The defendant urges a further instance of alleged impropriety. The plaintiff's attorney in opening to the jury stated unequivocally that the defendant knew that the plaintiff had an attorney when the release was executed and that he was not notified of the arrangements for the signing of the release. He stated that:
"* * * we had filed suit before this release was attempted to be given to Mr. Kulodzej, * * * When we filed suit there was no release in existence."
The record shows that the release was dated May 5, 1954; the complaint was filed May 18, 1954, and the summons was served on the defendant on May 25, 1954. Thus, it is evident that the attorney for the plaintiff had not filed suit before the date of the release. When called by the defendant as a witness, he testified that he had not written any letter to the defendant. At no time during the course of the trial did he withdraw his remark that the defendant had obtained the release from the plaintiff subsequent to the institution of the suit. He stated that on April 6, 1954 he had written a letter to the United States Railroad Retirement Board and that he regarded that letter as notice to the defendant. There is absolutely no proof in the record to sustain such a contention.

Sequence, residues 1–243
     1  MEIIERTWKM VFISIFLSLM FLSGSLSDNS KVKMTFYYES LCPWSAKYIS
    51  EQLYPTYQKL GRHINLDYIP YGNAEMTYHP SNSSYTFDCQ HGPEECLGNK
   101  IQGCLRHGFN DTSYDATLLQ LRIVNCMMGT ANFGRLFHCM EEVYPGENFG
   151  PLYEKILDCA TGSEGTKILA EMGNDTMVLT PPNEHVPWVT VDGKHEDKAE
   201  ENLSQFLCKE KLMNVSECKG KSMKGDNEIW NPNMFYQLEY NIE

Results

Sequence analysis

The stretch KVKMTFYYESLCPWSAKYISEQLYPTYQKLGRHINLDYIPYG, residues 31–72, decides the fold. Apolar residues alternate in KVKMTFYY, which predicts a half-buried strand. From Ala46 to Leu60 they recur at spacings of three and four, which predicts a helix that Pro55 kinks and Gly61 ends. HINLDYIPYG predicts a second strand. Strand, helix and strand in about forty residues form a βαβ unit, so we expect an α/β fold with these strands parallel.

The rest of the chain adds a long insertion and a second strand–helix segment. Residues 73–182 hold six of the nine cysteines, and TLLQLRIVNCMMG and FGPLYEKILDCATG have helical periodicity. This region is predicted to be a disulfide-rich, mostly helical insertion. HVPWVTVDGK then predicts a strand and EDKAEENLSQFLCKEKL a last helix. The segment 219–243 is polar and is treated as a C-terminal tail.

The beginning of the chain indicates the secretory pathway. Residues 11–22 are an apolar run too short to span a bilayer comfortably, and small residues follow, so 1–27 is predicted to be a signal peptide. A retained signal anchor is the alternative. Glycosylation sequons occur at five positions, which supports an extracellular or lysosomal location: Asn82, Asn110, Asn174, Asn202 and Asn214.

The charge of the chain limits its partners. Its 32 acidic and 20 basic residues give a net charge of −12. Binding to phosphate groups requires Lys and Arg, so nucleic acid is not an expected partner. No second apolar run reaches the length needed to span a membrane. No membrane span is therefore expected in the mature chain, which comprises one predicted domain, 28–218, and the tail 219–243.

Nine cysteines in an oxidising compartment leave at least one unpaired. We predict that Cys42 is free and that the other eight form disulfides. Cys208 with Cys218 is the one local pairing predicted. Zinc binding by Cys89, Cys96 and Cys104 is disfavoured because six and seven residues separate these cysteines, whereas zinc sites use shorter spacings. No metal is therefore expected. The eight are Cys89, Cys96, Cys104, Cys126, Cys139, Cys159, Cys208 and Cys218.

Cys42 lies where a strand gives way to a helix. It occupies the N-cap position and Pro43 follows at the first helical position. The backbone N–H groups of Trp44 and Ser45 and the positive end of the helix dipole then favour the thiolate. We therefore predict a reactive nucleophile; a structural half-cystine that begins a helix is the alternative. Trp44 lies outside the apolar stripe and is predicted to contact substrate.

In summation the following was stated by the plaintiff's attorney:
"Why, I can show you how to get a good release, I will show him in a minute; and I haven't been a lawyer since 1927; I am only a lawyer since 1953. That is all. I don't have all that experience. I didn't go to Harvard Law School. I went to school at night, worked during the day but I can show him how to get a release, and a good one. That is what makes me mad about this case. It aggravates my very soul how he can come into court and say, how can we get a good release. How? Why, it is so simple that I can get him one every day, and twice on Sunday, if he would like to pay me; get him a good release. * * *"
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He commented that no goggles were produced in court, and then said: